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Venice Biennale Collateral Exhibition : ADI DA SAMRAJ

Festivals, Fairs and Biennials - Wednesday, July 11, 2007
Venice Biennale Collateral Exhibition : ADI DA SAMRAJ
Artist and scholar, Adi Da Samraj has explored new forms of digital technology to produce ever more complex and sophisticated images embodying his spirituality, philosophy, and distinctly Modernist aesthetic sensibility. 


The “First Room” Trilogy I, 2006 (from Spectra Ten) Pigmented inks on paper and acrylic urethane paint, on aluminum 228 x 419 cm (90 x 165 inches)
Transcendental Realism: The Art of Adi Da Samraj comprises ten large, visually works realized by Adi Da Samraj in the last year and employing a complex variety of digital means. Displayed in the Palazzo Bollani’s upstairs galleries, the ten recent works will be supplemented downstairs by a rotating documentary display of Adi Da Samraj’s earlier work with photographic and digital media.




The Lover I, 2006–2007 (from Oculus One/The Reduction Of The Beloved To Love Alone) Pigmented inks on paper and acrylic urethane paint, on aluminum 355 x 355 cm (140 x 140 inches)




The chief curator for the exhibition is Achille Bonito Oliva, renowned art critic and historian.

Bonito Oliva is author of essays on mannerism, the avant-garde, and the neo-avant-garde. He is also the founder of the artistic movement Transavanguardia.

He has curated thematic and interdisciplinary exhibitions both in Italy and abroad, including Contemporanea, Aperto 80, Avanguardia transavanguardia, Arte e depressione, and Minimalia. He curated the 39th and 45th Venice Biennales. He currently teaches history of contemporary art at La Sapienza University in Rome. He has received numerous prizes and awards, including the Valentino d’Oro, international prize for art criticism, in 1991.


From the curatorial statement by Achille Bonito Oliva

Exhibition Opening: Achille Bonito Oliva (curator) and Paolo de Grandis ( co-curator) © HUMA3
Adi Da Samraj has established a new use of geometry, as a fertile field of unconventional aesthetic communication that takes delight in developing its principles asymmetrically, through surprise and feeling. However, there is no contradiction between these two elements and the principles of design. Rather, surprise and feeling strengthen those principles, through a pragmatic and unpreconceived use of “representational” geometry. It is no accident that the artist constantly shifts between two-dimensional imagery and three-dimensional fabricated shapes, between black-and-white formulations and polychromatic combinations. The final form—whether twodimensional or three-dimensional—suggests a tangible rather than an abstract reality, which pulsates before the thrilled analytical gaze of the beholder. The work carries with it a potential for asymmetrical development implicit in the original concept. Such asymmetry is an integral aspect of the modernist approach, reflecting the nature of the world around us, full of unexpected events and surprises.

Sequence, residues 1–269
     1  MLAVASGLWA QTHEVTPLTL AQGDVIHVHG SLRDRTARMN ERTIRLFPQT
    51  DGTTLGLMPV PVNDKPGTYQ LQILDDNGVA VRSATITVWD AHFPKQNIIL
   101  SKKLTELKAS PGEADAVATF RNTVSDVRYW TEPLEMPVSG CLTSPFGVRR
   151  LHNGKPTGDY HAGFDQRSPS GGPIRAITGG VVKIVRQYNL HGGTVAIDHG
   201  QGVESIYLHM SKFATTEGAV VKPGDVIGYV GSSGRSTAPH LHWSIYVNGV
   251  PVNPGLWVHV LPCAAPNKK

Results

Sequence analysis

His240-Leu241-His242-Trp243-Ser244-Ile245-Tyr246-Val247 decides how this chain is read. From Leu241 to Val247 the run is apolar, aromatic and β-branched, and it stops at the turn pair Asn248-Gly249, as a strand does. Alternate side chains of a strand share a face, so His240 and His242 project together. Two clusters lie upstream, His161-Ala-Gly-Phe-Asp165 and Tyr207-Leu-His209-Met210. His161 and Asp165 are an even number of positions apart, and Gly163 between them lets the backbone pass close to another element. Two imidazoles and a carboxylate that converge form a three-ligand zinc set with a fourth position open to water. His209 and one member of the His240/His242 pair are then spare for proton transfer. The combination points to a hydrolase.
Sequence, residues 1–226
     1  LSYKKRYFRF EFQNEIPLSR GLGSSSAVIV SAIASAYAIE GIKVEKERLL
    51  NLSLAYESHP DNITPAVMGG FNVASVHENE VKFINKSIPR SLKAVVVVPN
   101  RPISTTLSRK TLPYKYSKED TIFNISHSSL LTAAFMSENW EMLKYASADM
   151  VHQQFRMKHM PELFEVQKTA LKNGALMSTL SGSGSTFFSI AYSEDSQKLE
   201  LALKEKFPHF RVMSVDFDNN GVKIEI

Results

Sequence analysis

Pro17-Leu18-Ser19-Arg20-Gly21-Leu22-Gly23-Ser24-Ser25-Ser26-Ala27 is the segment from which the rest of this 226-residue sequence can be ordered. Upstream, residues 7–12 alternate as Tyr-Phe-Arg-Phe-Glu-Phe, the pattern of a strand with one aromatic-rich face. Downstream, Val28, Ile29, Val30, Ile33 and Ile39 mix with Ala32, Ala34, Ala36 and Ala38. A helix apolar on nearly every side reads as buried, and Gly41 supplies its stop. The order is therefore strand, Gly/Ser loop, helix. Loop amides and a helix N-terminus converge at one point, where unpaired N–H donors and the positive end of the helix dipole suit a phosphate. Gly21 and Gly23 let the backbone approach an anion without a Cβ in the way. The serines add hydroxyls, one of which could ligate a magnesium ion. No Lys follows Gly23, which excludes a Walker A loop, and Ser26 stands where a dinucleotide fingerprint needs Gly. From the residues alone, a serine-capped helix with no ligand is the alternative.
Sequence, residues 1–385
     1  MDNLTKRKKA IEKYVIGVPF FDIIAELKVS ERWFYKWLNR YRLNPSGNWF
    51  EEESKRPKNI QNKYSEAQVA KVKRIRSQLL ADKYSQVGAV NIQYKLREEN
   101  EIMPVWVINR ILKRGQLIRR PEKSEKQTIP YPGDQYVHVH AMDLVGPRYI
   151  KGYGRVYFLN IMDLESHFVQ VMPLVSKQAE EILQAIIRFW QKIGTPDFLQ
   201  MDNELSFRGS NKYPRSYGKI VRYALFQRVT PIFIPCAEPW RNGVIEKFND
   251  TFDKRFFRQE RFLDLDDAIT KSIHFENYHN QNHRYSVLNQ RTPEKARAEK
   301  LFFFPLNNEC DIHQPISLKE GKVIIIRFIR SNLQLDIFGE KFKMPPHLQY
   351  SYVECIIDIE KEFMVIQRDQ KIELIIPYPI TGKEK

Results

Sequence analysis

The Pastimes of Narcissus I, 2006 (from Spectra One) pigmented inks on paper, mounted on aluminum, rosewood, and mirror 231 x 396 cm (91 x 156 inches) —extended with mirror
Modernism and its Aftermath, by the artist

There was more great virtue at the beginning of the twentieth century than at the end—and, yet, what was occurring at the beginning of the twentieth century was also part of (and coincident with) the progressively emerging breakdown of world-culture and of the great human process.
There are many uniquely important elements in the culture and art of “modernism” which were interrupted at the end of World War II—but which I regard to be the roots of a profoundly transformative and artistically liberating renewal of the entire world-tradition of making and doing art. It is, therefore, necessary that the “liberating instant” of “modernism” be continued, and always further developed, and even, in the best of cases, exceeded—but, certainly, not merely renounced and forever lost…
The twentieth century was a period of the global collapse of the old (and even ancient) foundations and structure of civilization and culture. Thus, from the beginning of the twentieth century until World War II, the old order of civilization and culture was disintegrating and approaching its death. The period encompassed by World War II accomplished the death of the old order of civilization and culture.
For the first two decades that included and followed World War II, the death of the old order of civilization and culture was the subject of reaction and regret (including much denial, anger, bargaining, depression, and resignation). Then, from the 1960s to the turn of the twenty-first century, there was a period of virtual non-civilization and non-culture. And, only now, is the moment for the emerging of the truly new.
Based on this synopsis of the twentieth century, the century can be divided into three periods of cultural and artistic evidence: the period of “modernism” (1900–1940), the period of “post-modernism” (1940–1960), and the period (or “dark epoch”) of no-culture and non-art (1960–2001).

From Transcendental Realism, by Adi Da Samraj
(Middletown, CA: The Dawn Horse Press, 2007)

 


Quandra Contemplating the Fruits of Perfect Knowledge I, 2006 (from Spectra Three) Pigmented inks on paper, mounted on aluminum 243 x 304 cm (96 x 120 inches)
Quandra Contemplating the Fruits of Perfect Knowledge I, 2006 (from Spectra Three) Pigmented inks on paper, mounted on aluminum 243 x 304 cm (96 x 120 inches)
Further Informationa



Trascendental Realism: The Art of Adi Da Samraj

La Biennale di Venezia

AdiDaBiennale

Arte Communications

 

 

 

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